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Senate Passes Extensive Revision to the Tax Code – Up Next?

December 4, 2017 Uncategorized Comments Off on Senate Passes Extensive Revision to the Tax Code – Up Next?

Reconciliation with the House

Over the weekend, the Senate passed an extensive overhaul to the U.S. tax code. Both the Senate and House chambers will commence meetings today (Monday) with the objective to finally reconcile and approve a unified piece of legislation to forward to the president for signature.

It is important to note that there are differing opinions on how this ultimate “reconciliation” between the House and Senate will impact the final unified piece of legislation. The items below are not all-inclusive and could still change dramatically in the final reconciliation as both chambers reconcile and the reconciled bill is put up for final revote.

Below we have included some of the highlights of what passed the Senate along with those areas requiring further reconciliation with the House.

Highlights of Senate Provisions Passed (Not All-Inclusive)

  • Commencing 2019, reduction of the C Corporate tax rate to 20% (down from 35%)
  • Full expensing of new equipment, machinery, and other capital items for five years (with phase outs by 20% per year thereafter)
  • Lowers taxes for pass-through entities by allowing these entities to deduct 23% of their income This deduction would be limited to half of the W-2 wages (or guaranteed payments) of the pass-through entity paid out by the business. This W-2/guaranteed payment rule would not apply, however, if the filer’s taxable income is under $500,000 if married filing jointly or $250,000 if single. Personal service businesses are not eligible.
  • Removes our current “worldwide” tax system to a “territorial” tax system impacting US multinational corporations and contains a one-time low tax rate for repatriation (14.5% on cash assets and 7.5% on non-cash assets)
  • Seven personal tax brackets – 10%, 12%, 22%, 24%, 32%, 35%, and 38.5%
  • Nearly doubling the standard deductions (to $12,000 for single and $24,000 for married)
  • Eliminates personal exemptions
  • Expands the child tax credit to $2,000 per child (up from $1,000) also expanding who is eligible for the credit by raising income thresholds for phase out on married couples to $500,000 (up significantly from current $110,000)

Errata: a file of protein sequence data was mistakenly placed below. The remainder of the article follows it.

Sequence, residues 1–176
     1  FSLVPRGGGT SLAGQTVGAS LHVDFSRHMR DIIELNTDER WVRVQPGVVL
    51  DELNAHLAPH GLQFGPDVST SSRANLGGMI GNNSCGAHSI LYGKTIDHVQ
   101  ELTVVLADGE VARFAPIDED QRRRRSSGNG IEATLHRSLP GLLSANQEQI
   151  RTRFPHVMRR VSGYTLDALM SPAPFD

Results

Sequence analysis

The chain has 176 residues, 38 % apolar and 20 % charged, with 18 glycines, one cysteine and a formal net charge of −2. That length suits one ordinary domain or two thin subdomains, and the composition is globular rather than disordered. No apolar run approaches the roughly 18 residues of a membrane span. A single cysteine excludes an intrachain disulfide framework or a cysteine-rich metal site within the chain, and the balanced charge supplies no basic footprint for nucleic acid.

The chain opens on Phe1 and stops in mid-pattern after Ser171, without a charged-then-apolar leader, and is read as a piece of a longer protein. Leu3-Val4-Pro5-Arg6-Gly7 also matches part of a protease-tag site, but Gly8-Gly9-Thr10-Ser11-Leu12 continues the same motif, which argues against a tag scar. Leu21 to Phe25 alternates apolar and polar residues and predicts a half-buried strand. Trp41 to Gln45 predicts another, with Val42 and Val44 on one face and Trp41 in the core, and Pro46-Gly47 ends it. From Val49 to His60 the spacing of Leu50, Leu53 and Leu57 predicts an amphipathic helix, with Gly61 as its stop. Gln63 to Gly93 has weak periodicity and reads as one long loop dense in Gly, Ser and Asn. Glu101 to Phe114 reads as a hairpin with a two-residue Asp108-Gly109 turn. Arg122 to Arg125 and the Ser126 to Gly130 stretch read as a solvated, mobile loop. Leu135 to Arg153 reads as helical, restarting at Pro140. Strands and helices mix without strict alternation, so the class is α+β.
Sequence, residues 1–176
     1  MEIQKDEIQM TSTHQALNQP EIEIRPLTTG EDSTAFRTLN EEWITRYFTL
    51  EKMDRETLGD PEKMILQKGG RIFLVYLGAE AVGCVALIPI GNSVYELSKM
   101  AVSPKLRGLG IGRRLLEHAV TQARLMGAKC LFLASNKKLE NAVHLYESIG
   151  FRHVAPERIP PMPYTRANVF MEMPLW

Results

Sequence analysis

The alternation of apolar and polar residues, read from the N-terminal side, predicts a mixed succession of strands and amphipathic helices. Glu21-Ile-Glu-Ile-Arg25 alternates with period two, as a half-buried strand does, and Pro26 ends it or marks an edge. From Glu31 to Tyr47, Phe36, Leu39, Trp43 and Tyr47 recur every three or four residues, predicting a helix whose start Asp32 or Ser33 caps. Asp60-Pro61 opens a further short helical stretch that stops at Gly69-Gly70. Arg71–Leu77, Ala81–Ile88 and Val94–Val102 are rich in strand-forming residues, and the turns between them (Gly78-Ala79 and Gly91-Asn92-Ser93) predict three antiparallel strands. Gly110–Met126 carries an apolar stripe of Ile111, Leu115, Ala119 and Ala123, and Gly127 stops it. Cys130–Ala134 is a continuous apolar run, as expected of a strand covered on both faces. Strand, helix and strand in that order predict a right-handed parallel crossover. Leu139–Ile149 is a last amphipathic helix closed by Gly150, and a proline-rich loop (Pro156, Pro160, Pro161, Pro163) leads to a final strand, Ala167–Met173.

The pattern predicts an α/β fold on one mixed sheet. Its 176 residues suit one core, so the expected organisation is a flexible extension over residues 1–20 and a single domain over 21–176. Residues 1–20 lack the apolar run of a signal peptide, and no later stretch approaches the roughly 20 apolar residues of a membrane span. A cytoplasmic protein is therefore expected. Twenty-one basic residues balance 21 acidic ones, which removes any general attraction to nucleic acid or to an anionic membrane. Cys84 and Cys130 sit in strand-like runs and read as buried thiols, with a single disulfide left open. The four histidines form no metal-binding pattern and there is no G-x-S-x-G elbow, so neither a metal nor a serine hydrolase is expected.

• Keeps mortgage interest deduction as is, but disallows interest deductions for home equity loans, Senate bill also lengthens the time you must live in the home to receive the full exclusion.
  • Caps property tax deductions to $10,000 and eliminates state/local tax deductions
  • Preserves the Alternative Minimum Tax but increases the level of income exempt from it
  • Temporarily lowers the medical expense deduction threshold to 7.5% for tax years 2017 and 2018
  • Elimination of a variety of itemized deductions
  • Preserves the estate tax, but doubles the exemption levels
  • Repeals the individual mandate to buy health insurance

Items Requiring Further Reconciliation between the House and Senate (Not All-Inclusive)

  • Corporate tax rate reduction in 2018 vs. Senate 2019
  • Dramatic differences in treatment of flow-through income
  • Business investment in new assets allowed for expensing expires after 2022
  • Repatriation tax rate differences
  • House bill contains four personal tax brackets (12%, 25%, 35% and 39.6%) vs. Senate seven above.
  • House also increases estate tax exemptions, but they are looking to repeal estate tax entirely in 2025.
  • Various itemized deduction differences; for example, the House proposed to eliminate medical tax deductions vs. Senate enhancing the deduction and lowering threshold to deduct.
  • House bill eliminates Alternative Minimum Tax.

Disclaimer: Any accounting, business or tax advice contained in this communication, including attachments and enclosures, is not intended as a thorough, in-depth analysis of specific issues, nor a substitute for a formal opinion, nor is it sufficient to avoid tax-related penalties. If desired, Newburg & Company, LLP would be pleased to perform the requisite research and provide you with a detailed written analysis. Such an engagement may be the subject of a separate engagement letter that would define the scope and limits of the desired consultation services.

 

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